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4. Heroic stanzas on Oliver Cromwell, written after his
No VII. Substance of a panegyric of the lord-general Oli-
ver Cromwell, as presented to him by the Portuguese am.
A SHORT CRITICAL
R E V I E W
CH A P. I.
Fretions on party prejudices. Effects of them with re.
gard to the parties concerned in the troubles of king Charles. CROMWELL's defcent, alliances, and first surances to popularity; with a view of the motives to the civil war, and the sentiments of Mr. Locke and a Britijh parliament concerning resistance.
UBLICK heats and animosities are
very aptly compared by an * author of 2 the first reputation, to the heat con
tracted by a comet, in its approach to the fun. When a people have been fo
unhappy as to fall into them, it is long before they recover their natural temper. We cannot B
* Mr. Addison, in the Spectator,
judge, with any certainty, either of the merits of a cause, or of the persons engaged in it, from the reprefentations of authors, who write while that fervour continues, by which themselves have been generally affected.' Hence it is, that the characters of men who act in a high capacity, are seldom impartially drawn till a long time after their sphere of action pecially by writers of the
own country. Former concurrence and present approbation on the one hand; contracted prejudice and inveterate enmity on the other ; opinion, interest, and the remains of passion on both, make it a task impoflible, at least too difficult for human nature in general, to enter sincerely on the matter in question. Affection rises into reverence, resentment dwindles into contempt, and histories of the times immediately paft are usually either panegyrick or satire. The common people receive the impressions, made by the party which succeeds in power, and even reason and experience are found too weak, till after many years, co make things appear in their genuine light
From these considerations, which have the experience of all ages to support them, we may account for the different pictures that are left us, of men who acted on the same principles, and with the fame views ; nay more, we may learn, why the villain in design, who has profpered, has been called the father of his country, and the unprosperous hero and patriot neglected or martyr'd. How many brave and virtuous persons, who boldly contended for the liberties of their fellow-citizens, have been branded with publick infamy, and suffered as rebels and traitors, only because they have not succeeded in attempts, which would otherwise have crowned them with, immortal honour ? How many enemies of publick liberty, who had nothing in view but the gratification of their own ambition, and no pretence to superiority but from their wealth and influence, have been coinplimented by those very people, whose rights they had invaded and fubverted, with pompous titles and extravagant conceflions; which have afterwards, by their defcendants, been made the foundation of another fort of claim; that of divine appointment, and hereditary, indefeasible right? It is true, future ages generally do justice to particular merit, where the traces of it are by any means preserved. But when it has been fathionable, for whole centuries together, to insult the memory of any great perfon, it will not be easy for the most impartial writer, who can have only such partial materials, to draw a picture worthy the original. It is therefore neceffary, that we hould be as careful as possible in preserving such lineaments of publick characters, while they can be known, as may enable pofterity to imitate the whole features, when truth shall venture to appear, and party and prejudice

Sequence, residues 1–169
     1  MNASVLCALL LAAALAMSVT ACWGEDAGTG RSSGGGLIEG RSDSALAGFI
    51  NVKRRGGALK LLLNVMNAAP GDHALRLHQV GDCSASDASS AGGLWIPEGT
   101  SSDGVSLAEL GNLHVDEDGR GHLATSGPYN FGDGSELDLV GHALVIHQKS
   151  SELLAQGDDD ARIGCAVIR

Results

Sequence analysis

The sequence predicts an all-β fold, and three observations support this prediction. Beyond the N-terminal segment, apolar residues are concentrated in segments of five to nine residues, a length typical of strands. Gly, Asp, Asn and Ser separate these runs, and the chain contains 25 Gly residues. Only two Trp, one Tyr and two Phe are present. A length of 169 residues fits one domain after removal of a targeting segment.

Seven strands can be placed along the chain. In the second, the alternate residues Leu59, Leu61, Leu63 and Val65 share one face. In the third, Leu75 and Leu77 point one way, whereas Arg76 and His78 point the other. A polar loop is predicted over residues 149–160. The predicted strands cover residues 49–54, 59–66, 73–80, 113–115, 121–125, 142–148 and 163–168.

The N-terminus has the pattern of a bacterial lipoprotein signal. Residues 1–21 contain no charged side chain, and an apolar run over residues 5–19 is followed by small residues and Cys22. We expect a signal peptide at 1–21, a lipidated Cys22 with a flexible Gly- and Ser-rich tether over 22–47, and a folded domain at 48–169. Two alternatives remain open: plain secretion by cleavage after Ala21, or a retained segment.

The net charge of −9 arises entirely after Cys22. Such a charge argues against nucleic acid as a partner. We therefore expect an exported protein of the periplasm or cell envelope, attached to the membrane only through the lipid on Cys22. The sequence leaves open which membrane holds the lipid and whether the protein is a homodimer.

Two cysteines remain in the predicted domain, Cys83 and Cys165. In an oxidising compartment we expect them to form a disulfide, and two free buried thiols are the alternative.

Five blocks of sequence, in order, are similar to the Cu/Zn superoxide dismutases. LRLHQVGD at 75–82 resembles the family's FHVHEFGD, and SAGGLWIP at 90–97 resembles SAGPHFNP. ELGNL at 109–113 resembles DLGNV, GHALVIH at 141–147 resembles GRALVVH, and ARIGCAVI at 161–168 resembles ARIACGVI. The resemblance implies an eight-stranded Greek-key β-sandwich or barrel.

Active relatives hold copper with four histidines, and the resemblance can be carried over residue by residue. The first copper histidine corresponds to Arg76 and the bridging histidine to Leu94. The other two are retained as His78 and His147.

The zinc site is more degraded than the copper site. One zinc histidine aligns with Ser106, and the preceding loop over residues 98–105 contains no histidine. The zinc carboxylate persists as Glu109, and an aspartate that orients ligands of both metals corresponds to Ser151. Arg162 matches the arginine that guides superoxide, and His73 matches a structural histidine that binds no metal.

concessions ; while
are no more.
$. 2. The revolutions in England, between the years 1640 and 1660, which, indeed, can hardly be parallelled in history, have been the source of more virulent parties than any other circumstance in our chronicle. We need not wonder, if we are sensible of these divisions, even at the distance of four core years. We need not wonder, if the leading men on the country side, though in reality persons of great abilities and virtue, were represented as a set of hypocritical scoundrels and blind enthusiasts, by the partizans of king Charles II. after that prince was restored to the dignity which he thought his natural inheritance, but which he had long been deprived of by the prevailing party. And, as the notions of divine right, and absolute unlimited power, were afterwards carried to a great height during his and his brother's reign, by the court and the corrupt part of the clergy, it is not strange, that the friends of liberty should fall into contempt, and be ftigmatized as so many enemies to government ; that all the mischiefs of a civil war, which a weak and misguided king had been led into by his ambitious ministers, should be charged on those principles which alone could preserve a harmony between the sovereign and his people. ' Ard B2